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Chondroitin sulfate and glucosamine are popular supplements that are used to treat the pain and loss of function associated with arthritis and osteoarthritis. They are safe to try, and provide several benefits compared with prescription pain medication.
Chondroitin is a major component of cartilage that helps it retain water. It is produced by the body naturally. For the production of supplements, it can be manufactured from the cartilage of animals, such as cows, pigs, or sharks, and can be made in the laboratory. The supplement is sold as chondroitin sulfate and is often combined with a glucosamine supplement.
Glucosamine is a natural compound found in healthy cartilage, particularly in the fluid around the joints. It is needed to produce glycosaminoglycan, a molecule used in the formation and repair of cartilage and other body tissues. For dietary supplements, it is harvested from the shells of shellfish, or can be made in the laboratory. It can come in several chemical forms, but the one most used in arthritis patients is glucosamine sulfate. In lab tests, glucosamine showed anti-inflammatory properties and even appeared to help cartilage regulation.
Use for Osteoarthritis
Since production of glucosamine slows with age, some people choose to use glucosamine supplements to fight age-related health conditions, such as osteoarthritis. Taking glucosamine as a nutritional supplement is shown to keep osteoarthritis in check by restoring the body's glucosamine supply and repairing damaged cartilage.
Glucosamine and chondroitin work together, as the chondroitin gives cartilage elasticity and is believed to prevent the destruction of cartilage by enzymes.
In alternative and holistic medicine, proponents claim that glucosamine may help with the following health problems:
The Science of Glucosamine
Osteoarthritis: Glucosamine may be a benefit in the treatment of osteoarthritis - especially osteoarthritis of the knee, according to the National Institutes of Health. Glucosamine may reduce pain and improve functioning in people with osteoarthritis, as it slows down the progression and reduced pain and stiffness - particularly within the knee.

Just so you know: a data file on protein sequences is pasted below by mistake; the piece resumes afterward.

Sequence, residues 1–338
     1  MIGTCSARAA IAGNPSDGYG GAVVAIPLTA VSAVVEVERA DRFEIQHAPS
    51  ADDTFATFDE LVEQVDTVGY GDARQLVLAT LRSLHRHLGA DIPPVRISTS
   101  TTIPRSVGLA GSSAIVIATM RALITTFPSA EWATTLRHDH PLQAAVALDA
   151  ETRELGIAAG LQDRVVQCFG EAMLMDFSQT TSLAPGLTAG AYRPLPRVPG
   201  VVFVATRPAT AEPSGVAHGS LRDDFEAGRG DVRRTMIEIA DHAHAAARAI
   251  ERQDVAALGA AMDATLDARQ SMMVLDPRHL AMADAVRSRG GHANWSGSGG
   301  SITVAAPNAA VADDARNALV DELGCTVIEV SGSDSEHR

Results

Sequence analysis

When x-rays were taken of patients who had knee osteoarthritis, after taking glucosamine, the x-rays revealed that there were no overall changes or narrowing of joint spaces in the knees. In contrast, those patients with knee osteoarthritis who were taking medication, x-rays continued to show deterioration within the knee.
One of the largest studies on glucosamine for osteoarthritis was a 6 month study that was sponsored by the National Institutes of Health and published in the New England Journal of Medicine, in 2006. This study was called GAIT, and it compared the effectiveness of glucosamine, chondroitin sulfate, a combination of glucosamine and chondroitin, the drug Celecoxib, or a placebo in people with knee osteoarthritis.
The report found that people with moderate to severe knee pain were more likely to respond to glucosamine and chondroitin to relieve their joint pain and stiffness.
The Bottom Line?
Chondroitin and glucosamine supplements alone or in combination may not work for everyone with osteoarthritis. However, people who take these supplements and have seen improvements with them shouldn't stop taking them. Both supplements are safe to take long term.
The differences in the effectiveness of chondroitin may also be caused by variations in dosing and quality of the supplements. The chondroitin content between different brands can vary, and the same goes for glucosamine supplements.
PLEASE CONSULT WITH YOUR DOCTOR, OR OTHER QUALIFIED HEALTH CARE PROFFESIONAL BEFORE TAKING ANY MEDICATION, SUPPLEMENTS, OR BEGINNING ANY HEALTH RELATED REGIMEN.